An analysis of the Nurses’ Health Study II found that women who consumed the most flavonoid-rich tea, red wine, peppers, blueberries and strawberries, were less likely to die during the 18-year study.
Flavonoids are plant compounds found in fruits, vegetables, red wine, and tea. Diets rich in these antioxidants have been linked to a reduced risk of cardiovascular disease, certain cancers, and diabetes.
The Nurses’ Health Study II followed 93,145 young and middle-aged women from 1991 – 2007. Over the course of the study, 1,808 participants died; the majority from cancer (47%), followed by cardiovascular disease (10%). Women were free of myocardial infarction, angina, stroke and cancer at the onset of the study. They completed a semi-quantitative food frequency questionnaire every 4 years.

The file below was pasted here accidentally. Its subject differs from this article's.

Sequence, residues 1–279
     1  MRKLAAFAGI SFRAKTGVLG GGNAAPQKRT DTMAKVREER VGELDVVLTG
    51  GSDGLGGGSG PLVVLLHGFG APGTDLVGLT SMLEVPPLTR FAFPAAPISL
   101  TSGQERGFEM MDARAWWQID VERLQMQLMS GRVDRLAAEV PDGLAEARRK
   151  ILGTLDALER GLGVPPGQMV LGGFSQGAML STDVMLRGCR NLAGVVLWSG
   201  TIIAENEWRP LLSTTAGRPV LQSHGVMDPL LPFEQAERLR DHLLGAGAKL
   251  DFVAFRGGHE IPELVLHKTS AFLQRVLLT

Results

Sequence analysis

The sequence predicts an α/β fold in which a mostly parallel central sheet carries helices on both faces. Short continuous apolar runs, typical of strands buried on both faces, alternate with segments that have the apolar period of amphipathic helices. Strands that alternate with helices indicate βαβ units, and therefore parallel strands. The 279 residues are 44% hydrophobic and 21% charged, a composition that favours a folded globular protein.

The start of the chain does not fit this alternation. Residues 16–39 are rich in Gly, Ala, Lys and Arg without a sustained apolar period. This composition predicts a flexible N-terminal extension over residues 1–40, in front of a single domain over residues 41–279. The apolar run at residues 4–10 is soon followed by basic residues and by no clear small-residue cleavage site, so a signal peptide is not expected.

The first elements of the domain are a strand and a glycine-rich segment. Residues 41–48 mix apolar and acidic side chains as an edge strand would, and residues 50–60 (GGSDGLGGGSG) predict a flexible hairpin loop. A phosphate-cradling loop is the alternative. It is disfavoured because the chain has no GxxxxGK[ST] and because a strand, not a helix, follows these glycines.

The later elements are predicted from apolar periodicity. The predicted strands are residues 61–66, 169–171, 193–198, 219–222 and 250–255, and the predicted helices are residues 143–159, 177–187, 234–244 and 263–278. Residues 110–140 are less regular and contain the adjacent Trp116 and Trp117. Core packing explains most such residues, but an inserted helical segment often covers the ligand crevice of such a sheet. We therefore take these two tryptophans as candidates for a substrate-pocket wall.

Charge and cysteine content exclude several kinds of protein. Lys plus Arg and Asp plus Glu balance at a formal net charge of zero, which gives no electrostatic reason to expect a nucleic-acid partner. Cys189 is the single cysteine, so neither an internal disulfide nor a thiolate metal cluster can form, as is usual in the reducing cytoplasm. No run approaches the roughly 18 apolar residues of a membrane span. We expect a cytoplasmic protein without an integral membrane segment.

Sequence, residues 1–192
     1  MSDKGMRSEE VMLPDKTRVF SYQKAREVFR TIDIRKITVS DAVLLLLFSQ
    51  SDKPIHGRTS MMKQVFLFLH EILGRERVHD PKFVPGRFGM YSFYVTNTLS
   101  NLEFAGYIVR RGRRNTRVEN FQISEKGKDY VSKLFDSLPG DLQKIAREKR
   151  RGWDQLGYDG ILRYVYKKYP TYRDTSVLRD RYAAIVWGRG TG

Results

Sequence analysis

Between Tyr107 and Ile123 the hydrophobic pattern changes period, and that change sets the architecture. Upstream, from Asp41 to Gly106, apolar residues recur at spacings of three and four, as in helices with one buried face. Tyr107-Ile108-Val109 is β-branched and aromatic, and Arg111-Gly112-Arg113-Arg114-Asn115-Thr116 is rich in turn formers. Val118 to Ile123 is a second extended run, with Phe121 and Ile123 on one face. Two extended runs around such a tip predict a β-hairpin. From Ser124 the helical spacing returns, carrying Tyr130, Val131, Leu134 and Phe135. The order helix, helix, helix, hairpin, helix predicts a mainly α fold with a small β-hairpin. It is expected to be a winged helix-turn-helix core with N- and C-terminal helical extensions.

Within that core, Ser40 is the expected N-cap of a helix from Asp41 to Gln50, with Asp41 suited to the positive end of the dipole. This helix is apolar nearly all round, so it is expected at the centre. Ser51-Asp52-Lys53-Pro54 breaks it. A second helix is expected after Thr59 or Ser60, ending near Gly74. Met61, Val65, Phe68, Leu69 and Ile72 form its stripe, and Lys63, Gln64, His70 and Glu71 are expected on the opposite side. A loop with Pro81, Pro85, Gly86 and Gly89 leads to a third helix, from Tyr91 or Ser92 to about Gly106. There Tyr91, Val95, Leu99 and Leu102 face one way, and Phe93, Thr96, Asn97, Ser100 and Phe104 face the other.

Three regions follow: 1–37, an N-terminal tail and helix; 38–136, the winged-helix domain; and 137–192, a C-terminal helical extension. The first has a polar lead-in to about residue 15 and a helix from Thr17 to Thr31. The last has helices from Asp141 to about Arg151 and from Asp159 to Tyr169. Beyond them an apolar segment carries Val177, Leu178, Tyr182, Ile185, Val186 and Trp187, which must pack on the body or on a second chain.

Women with the most flavonoid-rich diet had a 19% lower risk of death from all causes compared to non-consumers. Those who frequently ate strawberries and blueberries had a lower risk of dying from cancer specifically. Since cancer was the biggest contributor to mortality, the protective effect of the berries is particularly significant.
Ivey, K.L., Jensen, M.K., Hodgson, J.M., Eliassen, A.H., Cassidy, A., & Rimm, E.B. (2017). Association of flavonoid-rich foods and flavonoids with risk of all-cause mortality. British Journal of Nutrition. doi: https://doi.org/10.1017/S0007114517001325